tomatoes

Asked September 3, 2018, 10:46 AM EDT

This summer in July after the first harvest, my plants stopped growing, flowering and producing. I have never had this happen. In two separate locations, some in pots and across the back yard in raised gardens so must be air borne. Plenty of water and sun. Last year I shared with everyone and this year, nothing. Could this be blight, my grandmother talked about?

Oakland County Michigan fruits and vegetables vegetable gardening

3 Responses

Hello,

If you aren't seeing leaves with discoloration and spotting, it is unlikely to be a disease that comes in with the wind (such as late blight). My guess would be that this is related to the weather, plant nutrition, or your tomato variety.

One thing thing to think about would be the weather conditions this season. It has been a challenging summer for vegetables, with heat and rain either scarce or in over abundance. We had periods of time where daytime and nighttime temperatures were warm enough that your tomato plants could have aborted their flower leading to no fruit. The plants could also be stressed generally, lowering productivity.

Another thing that could affect plantings in multiple locations would be plant nutrition. Tomato plants use a lot of nutrients, so think about if you fertilized enough. Alternatively, if your plants are big and bushy, it might be that they are getting too much nitrogen, and cutting back on nitrogen will prompt the plant to slow down vegetative growth and it will start producing flowers and eventually fruit.

Finally, think about if this variety is something you've grown before and had success with, or if this variety new to you. One thing to look into is if the variety is determinate or indeterminate. Determinate tomatoes are more likely to set one bunch of fruit that will ripen over a few weeks. Indeterminate tomatoes will grow until they are killed by a frost, producing fruit along the way.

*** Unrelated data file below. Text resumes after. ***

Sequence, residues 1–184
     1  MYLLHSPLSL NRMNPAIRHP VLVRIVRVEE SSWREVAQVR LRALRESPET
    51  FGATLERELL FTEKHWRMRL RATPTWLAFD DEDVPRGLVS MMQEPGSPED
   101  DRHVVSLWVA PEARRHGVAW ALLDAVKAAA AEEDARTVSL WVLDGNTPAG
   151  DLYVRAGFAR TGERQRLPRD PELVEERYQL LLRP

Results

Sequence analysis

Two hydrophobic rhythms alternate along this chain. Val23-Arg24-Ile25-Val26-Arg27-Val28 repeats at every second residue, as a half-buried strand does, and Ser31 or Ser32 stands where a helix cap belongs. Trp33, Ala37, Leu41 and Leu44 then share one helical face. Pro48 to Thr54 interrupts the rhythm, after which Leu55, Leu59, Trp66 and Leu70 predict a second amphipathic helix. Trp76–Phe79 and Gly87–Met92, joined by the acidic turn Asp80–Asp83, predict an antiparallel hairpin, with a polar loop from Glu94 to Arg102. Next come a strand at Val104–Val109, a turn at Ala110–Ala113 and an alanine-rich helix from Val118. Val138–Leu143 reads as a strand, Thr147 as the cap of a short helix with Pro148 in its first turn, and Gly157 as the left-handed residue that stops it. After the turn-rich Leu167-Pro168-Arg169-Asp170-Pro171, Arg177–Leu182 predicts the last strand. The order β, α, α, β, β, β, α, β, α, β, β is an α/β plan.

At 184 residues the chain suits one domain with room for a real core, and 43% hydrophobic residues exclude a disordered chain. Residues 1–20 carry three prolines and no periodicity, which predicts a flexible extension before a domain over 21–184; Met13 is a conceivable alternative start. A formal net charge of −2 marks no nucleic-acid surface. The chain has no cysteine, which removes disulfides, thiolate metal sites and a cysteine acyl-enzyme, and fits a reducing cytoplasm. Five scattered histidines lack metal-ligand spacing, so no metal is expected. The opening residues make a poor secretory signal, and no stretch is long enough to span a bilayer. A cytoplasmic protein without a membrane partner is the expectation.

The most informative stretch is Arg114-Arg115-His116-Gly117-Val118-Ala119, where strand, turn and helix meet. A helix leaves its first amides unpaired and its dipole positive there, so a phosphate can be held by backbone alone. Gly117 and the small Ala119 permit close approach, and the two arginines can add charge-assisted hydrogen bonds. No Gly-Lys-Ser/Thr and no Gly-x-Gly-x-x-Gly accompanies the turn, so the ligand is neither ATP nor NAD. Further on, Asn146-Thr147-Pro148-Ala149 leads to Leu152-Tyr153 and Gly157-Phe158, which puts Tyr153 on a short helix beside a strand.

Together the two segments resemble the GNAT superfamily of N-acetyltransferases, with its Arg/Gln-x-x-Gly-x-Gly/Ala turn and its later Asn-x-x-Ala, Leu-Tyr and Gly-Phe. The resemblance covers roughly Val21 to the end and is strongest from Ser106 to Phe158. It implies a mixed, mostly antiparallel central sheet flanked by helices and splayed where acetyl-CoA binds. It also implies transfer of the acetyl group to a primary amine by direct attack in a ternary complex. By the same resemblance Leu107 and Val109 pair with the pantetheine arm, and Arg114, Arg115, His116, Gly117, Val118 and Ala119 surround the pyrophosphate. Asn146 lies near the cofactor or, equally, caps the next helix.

For more information and tips, see: http://www.canr.msu.edu/uploads/resources/pdfs/michigan_fresh_growing_tomatoes_(sp)_(e3174).pdf

It is hard to pinpoint the exact issue, but I hope this gets you started! Feel free to respond if you have any questions.

I planted the same varieties as always, a collection of Early Girl. Celebrity, Big boy, Juliet ad other cherry types. I pulled them up today, very little root growth and plant growth. Used a new tomato fertilizer that was supposed to be fabulous from English Gardens--Root Blast. Just examined the leaves more closely, brown, yell and curled up. Also the container grown cukes never grew and only produced distorted round balls for cukes. Could it be the fertilizer as that is the only thing in common?

Hello again,

Based on this information, I would guess that you didn't have enough nutrients. Root Blast looks like it has an analysis of 2-1-2, meaning that the product is 2% nitrogen, 1% phosphorus, and 2% potassium. If your pots and raised beds have newer soil, there won't be nutrients leftover from previous years of gardening, and the Root Blast might not provide high enough levels of nutrients. Tomatoes use a lot of nutrients. Penn State Extension recommends the following nutrition program for container tomatoes:

Most potting media comes with about a two week fertilizer charge, then the plants need to be fed or growth starts to slow down. Start by applying a timed-release, pelleted, fertilizer following the label directions for rate based on pot size. At about 2 weeks after planting, begin watering weekly with a soluble fertilizer. Until the plants begin flowering, you can use a balanced fertilizer with a 1-1-1 ratio such as 20-20-20. Once flowering, change over to a high potassium fertilizer. Most fertilizers blended for tomatoes fit this description. In our program, we've been using a fertilizer with a 9-15-30 plus micro-nutrients analysis. Organic growers can use a combination of fish emulsion, green sand, kelp meal and bone meal to get similar results. Be sure to increase feeding as the plants grow larger. Apply more timed-release fertilizer after 10-12 weeks.

For the full reccomendations, see: https://extension.psu.edu/container-grown-tomatoes

For cucumbers, Penn State recommends the following fertilizer program:

Apply a timed-release, pelleted fertilizer after you have the first true leaves following the label directions based on pot size. Follow up with low nitrogen / high potassium fertilizers weekly following label directions based on crop, plant, and pot size. Like our tomato program, we found that a 1-1.5-3 ratio of N-P-K benefited the cucurbits. Our fertilizer had a 9-15-30 analysis.

For full information, see: https://extension.psu.edu/container-grown-cucumbers-zucchini-and-squash

I hope this helps!